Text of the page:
Studies conducted in the Congo Basin forests concluded that soil parameters and large disturbances induced by human activities since 3000–2000 BP could be the main driver for the persistence of long lived light-demanding tall tree species. Today most of the timber species belong to this group, among them Pericopsis elata (Fabaceae). Like many other light-demanding trees, this species suffers from important regeneration problems. While the conditions for its establishment must have been met in the past, they obviously have become unfavourable. Because of ongoing logging activities and a natural decline of its populations, this species is recorded in both the IUCN Red List and the CITES Appendix II listings. Our goal was to investigate the roles of both pedological and anthropogenic factors in the persistence of forest patches characterized by this clustered species. Soil surveys, botanical inventories and anthracological excavations were conducted in three different forest sites located in south-eastern Cameroon. P. elata patches (3.3-14.7 ha) were studied and compared to their close surroundings. No statistical differences were observed between the results of botanical inventories conducted inside and outside the patches (Morisita-Horn indices from 0.69-0.77). Soils only differed in Fe content, but otherwise no significant differences could be observed. Charcoal is widespread and abundant in study sites, mostly inside the patches. Charcoal radiocarbon dating (2,150-195 BP) was consistent with decoration techniques of archaeological materials that we discovered. The average age of P. elata individuals coincides with fire events that occurred in a region where fires rarely occur naturally. We present evidence of past anthropogenic disturbances (human settlement, slash-and-burn cultivation) in the Congolese mixed moist semi-evergreen forest in south-eastern Cameroon. We discuss the potential influence of our findings on the management of light-demanding tall trees populations in a context of logging activities. [less ▲]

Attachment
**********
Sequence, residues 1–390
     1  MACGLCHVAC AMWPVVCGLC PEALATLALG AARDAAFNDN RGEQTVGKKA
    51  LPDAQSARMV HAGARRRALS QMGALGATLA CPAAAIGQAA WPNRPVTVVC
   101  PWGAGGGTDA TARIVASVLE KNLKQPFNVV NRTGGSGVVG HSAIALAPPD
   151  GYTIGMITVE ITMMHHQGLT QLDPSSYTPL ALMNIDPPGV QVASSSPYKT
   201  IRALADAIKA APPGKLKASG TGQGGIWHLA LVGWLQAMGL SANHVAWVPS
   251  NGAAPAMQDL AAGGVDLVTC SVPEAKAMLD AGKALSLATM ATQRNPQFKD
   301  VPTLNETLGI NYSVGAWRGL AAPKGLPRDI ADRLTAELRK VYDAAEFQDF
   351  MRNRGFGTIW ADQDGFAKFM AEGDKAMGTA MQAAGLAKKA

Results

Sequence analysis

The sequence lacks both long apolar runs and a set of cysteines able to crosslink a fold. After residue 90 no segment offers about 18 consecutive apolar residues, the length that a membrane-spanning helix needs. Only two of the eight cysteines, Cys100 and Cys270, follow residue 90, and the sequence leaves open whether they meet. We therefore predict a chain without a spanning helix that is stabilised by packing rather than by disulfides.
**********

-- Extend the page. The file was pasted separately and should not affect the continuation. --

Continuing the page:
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See detailForest anomalies and human occupation in Central Africa during the last two millennia
Livingstone Smith, Alexandre; Beeckman, Hans; Cerisier, François et al

Conference (2012, June 23)

Central African rainforests are no longer considered as pristine, but as the outcome of a long history of changes due mainly to climatic variation. For the later part of the Holocene it has been ... [more ▼]